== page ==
Tynedale: Cattle enthusiasts travel miles for monthly meetings
Published at 07:41, Wednesday, 30 January 2013
FUN and laughter might be the hallmarks of the Northumbria Holstein Breeders’ Club, but its latest annual awards ceremony demonstrated its members mean business.
Established in 1973, the club’s monthly meetings take place in Stocksfield’s Dr Syntax pub where, last Thursday, their hard work and success was recognised in its herds competition.
The heifer on inspection category – won by father and son team David and Michael Howie, of Acklington, with Morwick Tulip 96 – perhaps best encapsulates the current focus of the industry.
While judges were interested in the overall look of the cow, its underlying strength was now considered crucial, said club member Stephen Ball.
“Everybody is now trying to breed a bit of power back into the cows.
“They developed fine bones when we were trying to produce an ideal cow and maybe lost sight of how little time the cows were lasting.
“So breeders are all trying to put a bit of strength and durability back into them.
“It’s the buzz word of the industry nowadays – longevity.”
The category could be rather subjective, depending on what the judge of the day liked the look of, but the mammary system was important – as were the feet and legs.
“You are keeping a cow for milk, so a decent mammary system that’s going to last is key,” he said.
“But they have to have good feet and legs to walk around on – it’s not much point having a good looking cow, but not the strength needed to carry them around.
“A good functional cow, that’s what we need!”
Stephen, who farms near Berwick – the club’s members hail from the Scottish borders down to Hartlepool – won both the mature cow and super cow categories with 10-year-old Chloanne Webster Gracious.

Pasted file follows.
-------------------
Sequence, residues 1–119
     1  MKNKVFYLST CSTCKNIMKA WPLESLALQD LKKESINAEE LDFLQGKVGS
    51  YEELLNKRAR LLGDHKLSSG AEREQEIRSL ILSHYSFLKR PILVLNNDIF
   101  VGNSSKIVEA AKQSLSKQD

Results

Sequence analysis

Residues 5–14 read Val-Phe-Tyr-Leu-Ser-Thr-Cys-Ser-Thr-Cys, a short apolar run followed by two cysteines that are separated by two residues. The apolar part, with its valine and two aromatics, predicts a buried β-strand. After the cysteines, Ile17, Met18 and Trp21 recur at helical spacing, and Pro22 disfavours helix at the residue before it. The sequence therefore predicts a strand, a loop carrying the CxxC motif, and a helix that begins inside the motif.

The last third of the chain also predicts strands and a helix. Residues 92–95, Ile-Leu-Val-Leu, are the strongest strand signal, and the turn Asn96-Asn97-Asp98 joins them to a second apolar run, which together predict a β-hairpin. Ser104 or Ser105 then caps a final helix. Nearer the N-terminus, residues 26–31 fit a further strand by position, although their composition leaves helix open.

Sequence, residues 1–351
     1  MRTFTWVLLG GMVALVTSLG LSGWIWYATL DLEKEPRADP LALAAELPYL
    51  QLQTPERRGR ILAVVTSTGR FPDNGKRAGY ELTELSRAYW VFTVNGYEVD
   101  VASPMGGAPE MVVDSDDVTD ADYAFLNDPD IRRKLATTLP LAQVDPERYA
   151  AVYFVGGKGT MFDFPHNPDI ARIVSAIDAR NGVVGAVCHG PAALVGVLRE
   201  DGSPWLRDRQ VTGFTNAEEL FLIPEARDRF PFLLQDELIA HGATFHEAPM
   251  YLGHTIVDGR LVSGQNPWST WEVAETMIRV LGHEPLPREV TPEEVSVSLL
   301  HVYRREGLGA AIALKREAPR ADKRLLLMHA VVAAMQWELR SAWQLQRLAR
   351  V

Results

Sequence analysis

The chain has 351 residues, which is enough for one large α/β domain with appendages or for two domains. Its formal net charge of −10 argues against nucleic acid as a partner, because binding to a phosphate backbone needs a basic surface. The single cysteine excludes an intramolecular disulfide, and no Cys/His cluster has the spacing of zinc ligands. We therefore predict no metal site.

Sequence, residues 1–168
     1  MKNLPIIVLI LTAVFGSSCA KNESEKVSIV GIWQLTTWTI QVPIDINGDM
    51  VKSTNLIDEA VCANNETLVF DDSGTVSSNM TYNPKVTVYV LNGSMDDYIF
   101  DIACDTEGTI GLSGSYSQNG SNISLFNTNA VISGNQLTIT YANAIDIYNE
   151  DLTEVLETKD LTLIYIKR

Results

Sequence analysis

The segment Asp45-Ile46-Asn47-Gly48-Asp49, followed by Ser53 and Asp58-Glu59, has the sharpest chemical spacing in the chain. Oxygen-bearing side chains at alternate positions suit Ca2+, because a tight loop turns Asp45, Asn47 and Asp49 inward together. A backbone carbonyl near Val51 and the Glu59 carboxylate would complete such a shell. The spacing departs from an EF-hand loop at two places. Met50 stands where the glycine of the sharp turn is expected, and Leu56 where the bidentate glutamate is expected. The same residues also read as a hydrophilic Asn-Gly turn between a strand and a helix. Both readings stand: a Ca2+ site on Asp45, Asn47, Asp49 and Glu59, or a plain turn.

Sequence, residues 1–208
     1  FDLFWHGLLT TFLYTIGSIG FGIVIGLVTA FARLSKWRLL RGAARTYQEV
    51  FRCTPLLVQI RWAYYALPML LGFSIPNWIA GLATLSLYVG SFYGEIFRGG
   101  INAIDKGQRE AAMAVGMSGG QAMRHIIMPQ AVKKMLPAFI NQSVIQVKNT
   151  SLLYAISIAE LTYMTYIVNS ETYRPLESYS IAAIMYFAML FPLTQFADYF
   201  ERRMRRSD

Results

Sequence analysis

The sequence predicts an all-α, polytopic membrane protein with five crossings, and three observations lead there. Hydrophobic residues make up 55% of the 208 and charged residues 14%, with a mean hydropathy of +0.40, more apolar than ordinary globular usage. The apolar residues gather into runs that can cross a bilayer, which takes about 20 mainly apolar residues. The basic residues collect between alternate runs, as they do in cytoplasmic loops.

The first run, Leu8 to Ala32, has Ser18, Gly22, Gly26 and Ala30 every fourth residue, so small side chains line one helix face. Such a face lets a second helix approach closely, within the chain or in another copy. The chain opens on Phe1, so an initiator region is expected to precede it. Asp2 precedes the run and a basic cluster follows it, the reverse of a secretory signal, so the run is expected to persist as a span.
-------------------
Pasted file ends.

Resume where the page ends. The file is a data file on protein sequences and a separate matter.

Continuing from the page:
(For the uninitiated, Chloanne is the herd name, Webster is her sire’s name and Gracious her personal name.)
Entrants must have produced more than 75 tonnes of milk (75,000 litres) during their working life.
Gracious, currently in her eighth lactation, has given 104 tonnes to date.
To be anointed ‘super cow’, she also had to look good and live up to the ideal amount of fat and protein within her last lactation. “We do a lot of number crunching for that one!”
One category in particular can be a tricky affair – the best cow family, requiring four or five related females. Stephen laughed: “It’s no easy feat, I can put forward four or five from the same family, but they might not all be stunners.”
The remaining competition categories included top herd for total milk production, the most improved herd, top herd on inspection and top herd person of the year, notable for their knowledge and passion – Stephen scooped that last award.
The judge for this year’s competition was Stephen Brough and the awards evening was sponsored by I’Anson Brothers Ltd.
The Northumbria Holstein Breeders’ Club is something of a focal point for those working in the hard-pressed dairy industry.